At this point, simple logic would suggest that the most likely intention of the Founders was that the Second Amendment includes the individual right to keep weapons of war. Otherwise, the Founders would be contradicting their expressed intentions of preserving the Peoples’ ability to wage war against an invading army or the army of a tyrannical government turned against them. To assume the Founders imply a negation of an intent they so clearly, forcefully and repeatedly asserted is simply unwarranted and — frankly — bordering on irrational (or secretly tyrannical).
Still, this is not enough. We should see if we can find something from the Founders that suggests they did — in fact — intend for the People to be at least as well armed as any army they may have to face. Does anything like this exist in the historic record? Yes, and from none other than one of the most authoritative voices on how the Constitution was intended to be understood:
“[I]f circumstances should at any time oblige the government to form an army of any magnitude that army can never be formidable to the liberties of the people while there is a large body of citizens, little, if at all, inferior to them in discipline and the use of arms, who stand ready to defend their own rights and those of their fellow-citizens. This appears to me the only substitute that can be devised for a standing army, and the best possible security against it, if it should exist.”— Alexander Hamilton, Federalist No. 28, January 10, 1788
EDITORIAL NOTE: I am well aware that the conclusions in this post will draw strenuous objection from many fronts. However, I will deal with the most obvious of them in separate posts. The purpose of this post is meant to be narrow, so it can be more easily understood. That purpose being to determine whether or not the Founders actually left us sufficient evidence to determine whether they intended the Second Amendment to cover private ownership of military weapons.
ADDENDUM: 28 Feb 2018 (please follow this link for an explanation of this addendum)
I formed my position on the Founders’ original intent behind their use of the word, ‘arms,’ long before I wrote this post. However, it was not until today that I found the following passage. To date, it is the clearest, most forceful assertion I have found in the Founders’ writings. It leaves no room for argument or debate over the original meaning of the Second Amendment. It clearly links the militia to the individual American, and the individual American’s birth right to own and bear any military weapon of the common soldier. It even allows that the Founders recognized such weapons can be and are terrible, but that they asserted this right nonetheless.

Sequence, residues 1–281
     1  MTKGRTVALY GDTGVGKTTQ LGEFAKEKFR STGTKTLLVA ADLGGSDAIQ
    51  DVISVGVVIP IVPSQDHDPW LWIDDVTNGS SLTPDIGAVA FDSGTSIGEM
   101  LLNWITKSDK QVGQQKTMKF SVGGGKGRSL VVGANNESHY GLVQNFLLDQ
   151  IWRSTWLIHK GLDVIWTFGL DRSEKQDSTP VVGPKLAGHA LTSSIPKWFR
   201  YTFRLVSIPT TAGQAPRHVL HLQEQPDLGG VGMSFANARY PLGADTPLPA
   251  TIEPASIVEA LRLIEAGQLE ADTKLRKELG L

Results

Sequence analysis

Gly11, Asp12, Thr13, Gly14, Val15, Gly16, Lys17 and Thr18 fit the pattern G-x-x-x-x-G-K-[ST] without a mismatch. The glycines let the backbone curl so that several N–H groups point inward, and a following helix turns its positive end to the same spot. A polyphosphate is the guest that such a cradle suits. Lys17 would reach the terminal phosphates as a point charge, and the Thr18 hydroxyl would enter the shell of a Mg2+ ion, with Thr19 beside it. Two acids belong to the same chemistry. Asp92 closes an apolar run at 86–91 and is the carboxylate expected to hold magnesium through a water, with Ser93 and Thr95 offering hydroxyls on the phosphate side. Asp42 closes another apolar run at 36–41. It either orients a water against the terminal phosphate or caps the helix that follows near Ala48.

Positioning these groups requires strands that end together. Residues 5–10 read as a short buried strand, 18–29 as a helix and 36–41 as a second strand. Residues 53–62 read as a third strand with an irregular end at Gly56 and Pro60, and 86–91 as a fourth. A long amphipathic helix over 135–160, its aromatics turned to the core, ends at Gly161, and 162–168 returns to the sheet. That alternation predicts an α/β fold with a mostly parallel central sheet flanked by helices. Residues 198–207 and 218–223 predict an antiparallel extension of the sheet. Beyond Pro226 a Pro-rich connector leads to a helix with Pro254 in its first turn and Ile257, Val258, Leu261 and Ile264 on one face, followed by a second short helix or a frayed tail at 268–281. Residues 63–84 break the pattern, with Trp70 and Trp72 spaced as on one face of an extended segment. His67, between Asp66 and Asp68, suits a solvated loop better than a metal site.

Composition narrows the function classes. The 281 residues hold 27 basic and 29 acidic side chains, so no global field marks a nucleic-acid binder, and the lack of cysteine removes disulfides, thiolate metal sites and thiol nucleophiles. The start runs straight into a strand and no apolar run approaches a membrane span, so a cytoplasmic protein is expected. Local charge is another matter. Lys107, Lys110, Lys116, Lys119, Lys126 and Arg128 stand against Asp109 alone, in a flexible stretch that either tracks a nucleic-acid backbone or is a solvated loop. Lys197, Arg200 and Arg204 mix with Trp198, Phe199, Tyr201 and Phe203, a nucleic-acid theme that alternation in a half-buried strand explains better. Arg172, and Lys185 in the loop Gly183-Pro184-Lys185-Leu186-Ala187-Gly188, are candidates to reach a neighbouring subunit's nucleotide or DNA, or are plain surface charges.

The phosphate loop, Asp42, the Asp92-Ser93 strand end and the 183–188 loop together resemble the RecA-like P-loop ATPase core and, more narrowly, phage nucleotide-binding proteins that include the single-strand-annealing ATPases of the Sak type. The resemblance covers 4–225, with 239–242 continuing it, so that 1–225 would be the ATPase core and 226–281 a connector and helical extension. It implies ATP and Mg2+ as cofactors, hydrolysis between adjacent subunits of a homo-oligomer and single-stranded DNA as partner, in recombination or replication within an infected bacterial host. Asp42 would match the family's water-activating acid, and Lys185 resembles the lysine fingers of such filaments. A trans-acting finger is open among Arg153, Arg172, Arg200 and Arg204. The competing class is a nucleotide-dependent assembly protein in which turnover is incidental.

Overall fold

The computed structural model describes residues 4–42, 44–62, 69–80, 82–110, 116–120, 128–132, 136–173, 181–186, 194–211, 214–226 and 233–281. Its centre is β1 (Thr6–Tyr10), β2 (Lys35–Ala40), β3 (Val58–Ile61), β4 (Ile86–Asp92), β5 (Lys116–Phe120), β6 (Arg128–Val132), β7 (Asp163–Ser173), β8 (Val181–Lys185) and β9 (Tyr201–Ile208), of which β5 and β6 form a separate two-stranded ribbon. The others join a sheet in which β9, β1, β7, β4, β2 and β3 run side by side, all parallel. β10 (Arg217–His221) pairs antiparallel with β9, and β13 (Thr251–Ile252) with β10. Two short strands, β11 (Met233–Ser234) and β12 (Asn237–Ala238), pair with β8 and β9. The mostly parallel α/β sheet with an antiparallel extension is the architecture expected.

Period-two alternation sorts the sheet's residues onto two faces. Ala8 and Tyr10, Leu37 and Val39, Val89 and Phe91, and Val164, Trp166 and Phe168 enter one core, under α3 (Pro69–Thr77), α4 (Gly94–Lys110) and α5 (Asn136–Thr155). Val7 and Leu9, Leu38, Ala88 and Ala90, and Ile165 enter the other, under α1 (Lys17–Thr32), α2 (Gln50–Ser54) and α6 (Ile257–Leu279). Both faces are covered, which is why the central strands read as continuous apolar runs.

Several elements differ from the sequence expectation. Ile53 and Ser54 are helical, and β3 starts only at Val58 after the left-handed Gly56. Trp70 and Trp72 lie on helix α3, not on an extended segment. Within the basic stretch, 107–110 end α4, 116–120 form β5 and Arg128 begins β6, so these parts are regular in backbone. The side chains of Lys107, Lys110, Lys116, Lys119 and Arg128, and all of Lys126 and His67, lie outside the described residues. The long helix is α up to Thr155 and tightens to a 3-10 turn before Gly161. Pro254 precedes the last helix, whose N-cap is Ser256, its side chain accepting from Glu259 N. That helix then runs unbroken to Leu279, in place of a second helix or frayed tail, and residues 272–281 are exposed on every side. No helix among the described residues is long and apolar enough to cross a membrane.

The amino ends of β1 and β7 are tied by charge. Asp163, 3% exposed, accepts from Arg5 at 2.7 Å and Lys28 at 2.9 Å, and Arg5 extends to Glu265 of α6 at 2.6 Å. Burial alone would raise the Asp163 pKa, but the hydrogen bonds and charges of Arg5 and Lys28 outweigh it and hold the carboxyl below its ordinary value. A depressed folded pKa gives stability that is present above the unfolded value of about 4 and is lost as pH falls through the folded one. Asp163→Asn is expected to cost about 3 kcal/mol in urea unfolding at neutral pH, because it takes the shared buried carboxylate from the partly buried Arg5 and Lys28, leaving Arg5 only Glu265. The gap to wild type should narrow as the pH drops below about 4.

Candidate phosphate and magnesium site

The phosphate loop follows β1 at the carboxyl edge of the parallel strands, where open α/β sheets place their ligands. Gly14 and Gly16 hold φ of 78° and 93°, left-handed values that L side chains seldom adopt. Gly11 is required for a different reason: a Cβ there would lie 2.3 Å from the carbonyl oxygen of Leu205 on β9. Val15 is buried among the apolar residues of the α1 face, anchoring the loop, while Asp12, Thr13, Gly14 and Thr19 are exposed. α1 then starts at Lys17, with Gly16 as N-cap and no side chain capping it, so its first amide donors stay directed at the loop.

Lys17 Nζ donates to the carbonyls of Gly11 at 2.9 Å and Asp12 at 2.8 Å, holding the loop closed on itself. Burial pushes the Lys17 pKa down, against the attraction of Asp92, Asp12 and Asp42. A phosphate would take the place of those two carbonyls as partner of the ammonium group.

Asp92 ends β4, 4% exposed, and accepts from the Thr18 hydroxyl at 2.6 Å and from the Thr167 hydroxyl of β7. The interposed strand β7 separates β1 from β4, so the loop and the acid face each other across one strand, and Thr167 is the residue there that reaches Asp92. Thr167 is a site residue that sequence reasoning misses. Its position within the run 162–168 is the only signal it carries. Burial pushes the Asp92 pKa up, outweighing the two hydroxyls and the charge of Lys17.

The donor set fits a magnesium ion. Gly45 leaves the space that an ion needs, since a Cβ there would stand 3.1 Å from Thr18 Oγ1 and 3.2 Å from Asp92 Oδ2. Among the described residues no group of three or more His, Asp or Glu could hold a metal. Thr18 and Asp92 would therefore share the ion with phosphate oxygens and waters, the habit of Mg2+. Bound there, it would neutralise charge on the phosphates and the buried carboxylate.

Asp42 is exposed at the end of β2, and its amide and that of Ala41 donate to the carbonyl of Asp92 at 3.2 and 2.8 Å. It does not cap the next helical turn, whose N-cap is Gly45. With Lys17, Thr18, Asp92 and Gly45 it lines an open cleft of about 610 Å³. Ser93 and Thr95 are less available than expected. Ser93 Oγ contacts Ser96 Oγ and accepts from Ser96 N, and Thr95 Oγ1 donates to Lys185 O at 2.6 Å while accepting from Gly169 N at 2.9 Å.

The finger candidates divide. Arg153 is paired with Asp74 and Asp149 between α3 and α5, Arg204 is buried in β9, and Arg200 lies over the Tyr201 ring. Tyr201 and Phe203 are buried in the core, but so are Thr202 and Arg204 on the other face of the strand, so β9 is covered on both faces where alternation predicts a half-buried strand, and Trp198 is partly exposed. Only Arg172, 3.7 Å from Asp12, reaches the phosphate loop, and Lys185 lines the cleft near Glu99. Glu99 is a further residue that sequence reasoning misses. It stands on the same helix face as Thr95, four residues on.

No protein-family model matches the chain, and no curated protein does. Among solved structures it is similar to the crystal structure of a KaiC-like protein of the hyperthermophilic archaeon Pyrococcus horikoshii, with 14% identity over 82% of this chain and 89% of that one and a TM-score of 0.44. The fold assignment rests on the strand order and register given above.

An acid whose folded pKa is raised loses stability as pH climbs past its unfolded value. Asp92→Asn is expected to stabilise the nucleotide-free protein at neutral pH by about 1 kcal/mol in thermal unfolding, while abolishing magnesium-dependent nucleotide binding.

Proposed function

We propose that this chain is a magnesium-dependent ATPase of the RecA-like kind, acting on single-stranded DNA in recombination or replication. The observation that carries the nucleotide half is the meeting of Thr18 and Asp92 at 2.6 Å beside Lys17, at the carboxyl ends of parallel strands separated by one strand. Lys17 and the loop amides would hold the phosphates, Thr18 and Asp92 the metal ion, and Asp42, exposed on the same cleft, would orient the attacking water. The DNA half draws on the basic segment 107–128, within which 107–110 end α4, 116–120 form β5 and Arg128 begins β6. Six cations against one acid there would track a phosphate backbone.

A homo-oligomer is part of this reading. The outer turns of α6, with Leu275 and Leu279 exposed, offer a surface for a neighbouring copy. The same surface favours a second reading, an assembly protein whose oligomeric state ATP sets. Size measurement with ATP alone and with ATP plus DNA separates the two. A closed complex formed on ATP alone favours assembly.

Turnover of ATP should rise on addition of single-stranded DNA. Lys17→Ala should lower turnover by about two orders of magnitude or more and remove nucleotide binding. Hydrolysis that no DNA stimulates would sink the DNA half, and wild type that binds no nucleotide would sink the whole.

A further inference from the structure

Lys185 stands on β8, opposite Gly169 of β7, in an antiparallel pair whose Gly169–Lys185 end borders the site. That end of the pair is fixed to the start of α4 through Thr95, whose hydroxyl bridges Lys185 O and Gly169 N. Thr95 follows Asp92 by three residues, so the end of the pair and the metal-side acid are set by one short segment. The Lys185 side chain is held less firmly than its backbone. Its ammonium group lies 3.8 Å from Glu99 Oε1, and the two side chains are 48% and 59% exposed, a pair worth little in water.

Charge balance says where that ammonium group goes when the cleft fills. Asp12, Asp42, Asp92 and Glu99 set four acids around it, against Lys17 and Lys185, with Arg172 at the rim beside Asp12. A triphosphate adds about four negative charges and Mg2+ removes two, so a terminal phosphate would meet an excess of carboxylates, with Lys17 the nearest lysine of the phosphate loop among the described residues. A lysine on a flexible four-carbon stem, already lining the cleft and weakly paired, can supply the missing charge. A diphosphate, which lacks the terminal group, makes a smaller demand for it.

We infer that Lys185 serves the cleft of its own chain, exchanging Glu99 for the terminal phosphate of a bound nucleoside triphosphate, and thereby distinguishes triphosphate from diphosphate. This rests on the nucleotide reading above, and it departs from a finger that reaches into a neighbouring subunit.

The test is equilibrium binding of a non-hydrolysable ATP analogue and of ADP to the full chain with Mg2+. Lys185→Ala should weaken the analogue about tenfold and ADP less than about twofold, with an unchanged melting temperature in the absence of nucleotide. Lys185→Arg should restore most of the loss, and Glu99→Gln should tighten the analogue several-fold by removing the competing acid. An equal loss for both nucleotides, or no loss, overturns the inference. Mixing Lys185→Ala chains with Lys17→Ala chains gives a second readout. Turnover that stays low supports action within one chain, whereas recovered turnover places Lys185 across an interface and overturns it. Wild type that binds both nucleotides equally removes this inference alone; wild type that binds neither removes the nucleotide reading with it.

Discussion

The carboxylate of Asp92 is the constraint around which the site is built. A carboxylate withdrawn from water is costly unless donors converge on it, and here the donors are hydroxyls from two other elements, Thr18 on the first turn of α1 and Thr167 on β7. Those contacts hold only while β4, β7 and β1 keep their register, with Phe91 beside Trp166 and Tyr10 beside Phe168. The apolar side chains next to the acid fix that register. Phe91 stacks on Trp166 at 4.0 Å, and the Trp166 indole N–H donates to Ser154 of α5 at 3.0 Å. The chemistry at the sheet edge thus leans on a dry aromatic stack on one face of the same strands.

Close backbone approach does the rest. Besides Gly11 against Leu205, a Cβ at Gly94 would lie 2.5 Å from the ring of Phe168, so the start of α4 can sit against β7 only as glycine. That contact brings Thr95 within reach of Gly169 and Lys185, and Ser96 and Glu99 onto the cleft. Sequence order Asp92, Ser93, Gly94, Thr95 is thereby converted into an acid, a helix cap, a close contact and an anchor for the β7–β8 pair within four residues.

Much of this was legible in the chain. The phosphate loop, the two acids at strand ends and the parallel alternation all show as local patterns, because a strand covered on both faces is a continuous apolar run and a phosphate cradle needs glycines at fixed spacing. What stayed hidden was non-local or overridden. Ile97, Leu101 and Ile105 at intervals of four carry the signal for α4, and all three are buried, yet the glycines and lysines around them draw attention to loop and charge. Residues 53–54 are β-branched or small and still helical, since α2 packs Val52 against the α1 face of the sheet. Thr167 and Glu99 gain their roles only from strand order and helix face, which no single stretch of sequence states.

“The powers of the sword, say the minority of Pennsylvania, is in the hands of Congress. My friends and countrymen, it is not so, for the powers of the sword are in the hands of the yeomanry (farmers/landowners collectively) of America from sixteen to sixty. The militia of these free commonwealths entitled and accustomed to their arms, when compared with any possible [standing] army, must be tremendous and irresistible. Who are the militia? Are they not ourselves? Is it feared then, that we shall turn our arms each man against his own bosom? Congress have no right to disarm the militia. Their swords, and every other terrible implement of the soldier, are the birth-right of an American.”
Now, I fully realize the peril of making blanket statement such as the one I am about to make, but — in this case — I do not see how there can be any other rational conclusion:
From the whole of the historic record — both in the context of the times and in the body of the historical record left to us — It is clear that the Founders intended the Second Amendment to block Congress from having any authority over the individual American and his birth-right to keep and bear the military weaponry of a soldier.